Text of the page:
The Virginian (1946)

85-87 mins | Western | 5 April 1946

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HISTORY

The title card on the viewed print reads: "Owen Wister's American Classic The Virginian ." According to SAB, E. Edward Paramore, Jr. was added to the screenplay credits in early Jan 1946; he is not credited on the screen or in reviews, however, and the extent of his contribution to the released film has not been determined. This film contains what Par News called "The best-known rejoinder in Western literature"--"When you call me that, smile ," as spoken by The Virginian. Portions of the film were shot in Placerita Canyon, where 1,200 feet of tracks had already been laid for a train used in Cecil B. DeMille's film Union Pacific . Earlier screen versions of Wister's novel include the 1914 Jesse L. Lasky-Cecil B. DeMille silent, starring Dustin Farnum, who also starred in the Broadway play in 1904 (see AFI Catalog of Feature Films, 1911-20 ; F1.4748) and the 1929 Paramount Famous Lasky Corp. "talkie," directed by Victor Fleming and starring Gary Cooper, the first "Virginian" to utter the famous "smile" line, and Walter Huston (see AFI Catalog of Feature Films, 1921-30 ; F2.6055). NBC's television presentation of The Virginian , starring James Drury as the title character, ran from 1962 to 1970. The show was then revised as The Men from Shiloh , which ran from 1970 to ... More Less

The title card on the viewed print reads: "Owen Wister's American Classic The Virginian ." According to SAB, E. Edward Paramore, Jr. was added to the screenplay credits in early Jan 1946; he is not credited on the screen or in reviews, however, and the extent of his contribution to the released film has not been determined. This film contains what Par News called "The best-known rejoinder in Western literature"--"When you call me that, smile ," as spoken by The Virginian. Portions of the film were shot in Placerita Canyon, where 1,200 feet of tracks had already been laid for a train used in Cecil B. DeMille's film Union Pacific . Earlier screen versions of Wister's novel include the 1914 Jesse L. Lasky-Cecil B. DeMille silent, starring Dustin Farnum, who also starred in the Broadway play in 1904 (see AFI Catalog of Feature Films, 1911-20 ; F1.4748) and the 1929 Paramount Famous Lasky Corp. "talkie," directed by Victor Fleming and starring Gary Cooper, the first "Virginian" to utter the famous "smile" line, and Walter Huston (see AFI Catalog of Feature Films, 1921-30 ; F2.6055). NBC's television presentation of The Virginian , starring James Drury as the title character, ran from 1962 to 1970. The show was then revised as The Men from Shiloh , which ran from 1970 to 1971. More Less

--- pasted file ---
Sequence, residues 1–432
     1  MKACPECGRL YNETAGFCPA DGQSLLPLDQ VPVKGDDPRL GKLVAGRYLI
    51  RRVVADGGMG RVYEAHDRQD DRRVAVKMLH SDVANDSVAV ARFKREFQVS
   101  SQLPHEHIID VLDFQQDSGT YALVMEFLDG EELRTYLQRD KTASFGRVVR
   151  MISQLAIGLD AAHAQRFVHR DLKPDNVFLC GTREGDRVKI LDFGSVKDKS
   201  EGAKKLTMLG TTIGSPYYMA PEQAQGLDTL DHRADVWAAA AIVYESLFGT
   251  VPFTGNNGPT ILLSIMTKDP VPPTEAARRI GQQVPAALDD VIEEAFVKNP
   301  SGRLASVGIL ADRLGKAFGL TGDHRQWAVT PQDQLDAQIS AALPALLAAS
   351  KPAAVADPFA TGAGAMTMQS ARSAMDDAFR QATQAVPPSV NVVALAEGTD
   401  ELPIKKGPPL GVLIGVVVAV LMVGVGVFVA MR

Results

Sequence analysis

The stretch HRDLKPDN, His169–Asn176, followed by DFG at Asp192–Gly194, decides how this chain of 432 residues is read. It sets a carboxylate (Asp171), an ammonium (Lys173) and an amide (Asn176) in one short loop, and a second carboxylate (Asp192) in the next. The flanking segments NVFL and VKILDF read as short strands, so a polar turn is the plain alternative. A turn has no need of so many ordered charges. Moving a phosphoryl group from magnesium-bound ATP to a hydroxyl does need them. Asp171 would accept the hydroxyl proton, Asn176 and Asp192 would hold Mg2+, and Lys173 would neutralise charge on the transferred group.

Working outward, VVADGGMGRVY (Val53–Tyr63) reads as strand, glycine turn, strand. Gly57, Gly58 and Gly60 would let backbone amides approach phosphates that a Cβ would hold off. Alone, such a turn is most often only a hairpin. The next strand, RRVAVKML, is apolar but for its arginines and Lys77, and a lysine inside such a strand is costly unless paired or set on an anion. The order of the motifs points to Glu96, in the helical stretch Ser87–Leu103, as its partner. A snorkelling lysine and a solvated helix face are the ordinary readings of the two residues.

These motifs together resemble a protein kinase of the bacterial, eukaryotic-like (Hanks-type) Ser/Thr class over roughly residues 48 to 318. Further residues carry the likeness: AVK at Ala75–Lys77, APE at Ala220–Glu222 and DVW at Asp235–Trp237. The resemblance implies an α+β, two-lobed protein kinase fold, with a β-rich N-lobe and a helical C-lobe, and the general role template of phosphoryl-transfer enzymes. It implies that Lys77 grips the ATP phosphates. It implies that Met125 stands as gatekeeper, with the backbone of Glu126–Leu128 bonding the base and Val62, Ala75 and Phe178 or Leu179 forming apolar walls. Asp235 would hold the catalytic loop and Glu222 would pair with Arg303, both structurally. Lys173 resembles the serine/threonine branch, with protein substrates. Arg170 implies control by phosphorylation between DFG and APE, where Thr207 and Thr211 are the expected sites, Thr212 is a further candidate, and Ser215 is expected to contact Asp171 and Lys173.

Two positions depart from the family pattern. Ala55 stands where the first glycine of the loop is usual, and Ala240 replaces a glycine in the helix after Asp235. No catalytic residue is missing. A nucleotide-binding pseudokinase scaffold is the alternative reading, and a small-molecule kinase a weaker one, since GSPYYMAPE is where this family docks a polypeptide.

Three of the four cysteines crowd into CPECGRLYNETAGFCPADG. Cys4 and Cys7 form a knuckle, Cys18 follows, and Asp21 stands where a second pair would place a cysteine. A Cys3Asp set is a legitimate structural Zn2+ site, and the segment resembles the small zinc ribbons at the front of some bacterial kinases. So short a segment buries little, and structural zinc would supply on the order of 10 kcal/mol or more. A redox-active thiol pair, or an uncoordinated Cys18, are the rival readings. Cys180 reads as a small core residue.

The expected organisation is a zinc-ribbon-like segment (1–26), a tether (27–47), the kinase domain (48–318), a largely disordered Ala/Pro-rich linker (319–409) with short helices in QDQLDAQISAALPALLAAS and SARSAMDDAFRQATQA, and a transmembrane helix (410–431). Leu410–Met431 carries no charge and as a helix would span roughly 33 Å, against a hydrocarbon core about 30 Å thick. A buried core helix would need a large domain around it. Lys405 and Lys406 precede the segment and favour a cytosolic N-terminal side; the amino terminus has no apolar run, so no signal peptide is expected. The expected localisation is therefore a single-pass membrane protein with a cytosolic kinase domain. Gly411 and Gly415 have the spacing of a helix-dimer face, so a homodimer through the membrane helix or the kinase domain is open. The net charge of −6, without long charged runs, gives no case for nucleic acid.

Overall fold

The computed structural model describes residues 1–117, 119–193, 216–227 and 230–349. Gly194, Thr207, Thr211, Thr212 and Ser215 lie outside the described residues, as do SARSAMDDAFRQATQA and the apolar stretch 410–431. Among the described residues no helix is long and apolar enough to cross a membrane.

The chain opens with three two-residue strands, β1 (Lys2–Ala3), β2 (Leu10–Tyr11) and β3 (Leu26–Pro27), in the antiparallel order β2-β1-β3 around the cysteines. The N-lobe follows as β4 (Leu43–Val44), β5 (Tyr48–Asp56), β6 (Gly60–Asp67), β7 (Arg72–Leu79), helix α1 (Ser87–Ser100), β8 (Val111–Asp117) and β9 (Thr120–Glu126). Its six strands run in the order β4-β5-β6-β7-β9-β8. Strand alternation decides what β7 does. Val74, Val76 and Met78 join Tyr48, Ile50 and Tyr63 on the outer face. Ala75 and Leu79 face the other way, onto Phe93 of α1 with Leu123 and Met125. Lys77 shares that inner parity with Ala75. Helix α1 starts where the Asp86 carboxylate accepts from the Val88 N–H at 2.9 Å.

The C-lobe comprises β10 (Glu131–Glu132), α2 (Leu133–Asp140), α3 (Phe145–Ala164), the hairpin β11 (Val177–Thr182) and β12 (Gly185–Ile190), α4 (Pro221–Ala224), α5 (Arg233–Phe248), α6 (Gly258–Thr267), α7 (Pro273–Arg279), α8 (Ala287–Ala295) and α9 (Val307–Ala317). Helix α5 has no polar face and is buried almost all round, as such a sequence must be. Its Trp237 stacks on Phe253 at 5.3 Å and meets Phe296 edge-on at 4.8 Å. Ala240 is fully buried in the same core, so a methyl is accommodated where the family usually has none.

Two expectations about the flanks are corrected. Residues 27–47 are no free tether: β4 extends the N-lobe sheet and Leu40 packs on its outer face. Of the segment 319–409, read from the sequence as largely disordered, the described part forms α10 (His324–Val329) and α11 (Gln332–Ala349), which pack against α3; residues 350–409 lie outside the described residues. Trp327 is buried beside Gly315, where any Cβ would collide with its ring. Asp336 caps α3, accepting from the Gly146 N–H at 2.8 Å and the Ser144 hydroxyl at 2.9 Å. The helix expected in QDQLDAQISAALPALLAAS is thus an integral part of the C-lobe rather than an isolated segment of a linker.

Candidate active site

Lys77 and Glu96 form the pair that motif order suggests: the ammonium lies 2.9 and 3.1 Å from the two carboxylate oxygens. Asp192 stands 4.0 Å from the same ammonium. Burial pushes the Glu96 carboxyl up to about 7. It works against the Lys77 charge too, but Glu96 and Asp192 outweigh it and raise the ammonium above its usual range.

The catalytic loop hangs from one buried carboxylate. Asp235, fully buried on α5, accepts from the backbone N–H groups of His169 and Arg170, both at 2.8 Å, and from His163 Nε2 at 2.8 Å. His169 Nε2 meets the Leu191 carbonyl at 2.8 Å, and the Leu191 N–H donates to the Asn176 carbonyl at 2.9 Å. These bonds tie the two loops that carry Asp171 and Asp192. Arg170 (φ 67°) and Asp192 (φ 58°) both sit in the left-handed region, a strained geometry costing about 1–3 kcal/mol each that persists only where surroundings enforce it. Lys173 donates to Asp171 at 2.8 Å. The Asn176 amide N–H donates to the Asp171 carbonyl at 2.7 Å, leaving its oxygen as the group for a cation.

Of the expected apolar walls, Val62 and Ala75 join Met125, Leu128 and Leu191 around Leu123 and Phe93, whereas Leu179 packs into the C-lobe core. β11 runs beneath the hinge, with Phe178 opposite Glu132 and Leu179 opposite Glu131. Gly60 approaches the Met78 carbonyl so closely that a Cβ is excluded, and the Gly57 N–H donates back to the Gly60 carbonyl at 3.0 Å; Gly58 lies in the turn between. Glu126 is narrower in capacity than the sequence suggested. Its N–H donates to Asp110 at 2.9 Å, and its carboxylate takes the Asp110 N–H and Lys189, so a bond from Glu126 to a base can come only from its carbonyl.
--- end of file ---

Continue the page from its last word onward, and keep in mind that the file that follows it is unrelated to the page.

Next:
GEOGRAPHIC LOCATIONS
BIBLIOGRAPHIC SOURCES
SOURCE
DATE
PAGE
Box Office
26 Jan 1946.
---
Daily Variety
25 Jan 46
p. 3.
Film Daily
28 Jan 46
p. 6.
Hollywood Reporter
3 Nov 44
p. 16.
Hollywood Reporter
6 Nov 44
p. 2.
Hollywood Reporter
10 Nov 44
p. 30.
Hollywood Reporter
19 Dec 44
p. 6.
Hollywood Reporter
29 Dec 44
p. 14.
Hollywood Reporter
25 Jan 46
p. 3.
Hollywood Reporter
24 Apr 46
p. 10.
Motion Picture Herald Product Digest
23 Dec 44
p. 2242.
Motion Picture Herald Product Digest
26 Jan 46
p. 2817.
New York Times
18 Apr 46
p. 22.
Variety
30 Jan 46
p. 12.
CAST
PRODUCTION CREDITS
NAME
PARENT COMPANY
PRODUCTION COMPANY
DISTRIBUTION COMPANY
NAME
CREDITED AS
CREDIT
DIRECTOR
PRODUCER
Prod
PHOTOGRAPHY
Dir of photog
2d cam
ART DIRECTORS
Art dir
Art dir
FILM EDITOR
SET DECORATOR
Set dec
COSTUMES
Cost
MUSIC
VISUAL EFFECTS
Spec photog eff
Spec eff asst
Spec eff asst
Spec eff asst
Spec eff asst
DANCE
Dance seq
MAKEUP
Makeup supv
COLOR PERSONNEL
Technicolor col consultant
SOURCES
LITERARY
Based on the novel The Virginian by Owen Wister (New York, 1902) and the play of the same name by Owen Wister and Kirk La Shelle (New York, 5 Jan 1904).
DETAILS
Alternate Title:
Owen Wister's American Classic The Virginian
Release Date:
5 April 1946
Premiere Information:
New York opening: 17 April 1946
Production Date:
6 November--late December 1944
Copyright Claimant:
Paramount Pictures, Inc.
Copyright Date:
29 January 1946
Copyright Number:
LP316
Physical Properties:
Sound
Western Electric Recording
Color
Technicolor
Duration(in mins):
85-87
Length(in reels):
9
Country:
United States
PCA No:
10516
SYNOPSIS